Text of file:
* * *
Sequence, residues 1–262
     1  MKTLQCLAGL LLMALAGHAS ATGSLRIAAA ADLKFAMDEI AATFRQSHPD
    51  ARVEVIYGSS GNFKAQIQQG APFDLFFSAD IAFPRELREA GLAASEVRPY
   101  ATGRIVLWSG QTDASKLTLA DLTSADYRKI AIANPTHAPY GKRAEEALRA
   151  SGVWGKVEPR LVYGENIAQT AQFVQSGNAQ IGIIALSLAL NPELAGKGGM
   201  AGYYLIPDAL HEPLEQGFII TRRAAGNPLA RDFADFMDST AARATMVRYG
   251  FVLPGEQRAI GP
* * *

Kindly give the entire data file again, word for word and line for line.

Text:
Sequence, residues 1–262
     1  MKTLQCLAGL LLMALAGHAS ATGSLRIAAA ADLKFAMDEI AATFRQSHPD
    51  ARVEVIYGSS GNFKAQIQQG APFDLFFSAD IAFPRELREA GLAASEVRPY
   101  ATGRIVLWSG QTDASKLTLA DLTSADYRKI AIANPTHAPY GKRAEEALRA
   151  SGVWGKVEPR LVYGENIAQT AQFVQSGNAQ IGIIALSLAL NPELAGKGGM
   201  AGYYLIPDAL HEPLEQGFII TRRAAGNPLA RDFADFMDST AARATMVRYG
   251  FVLPGEQRAI GP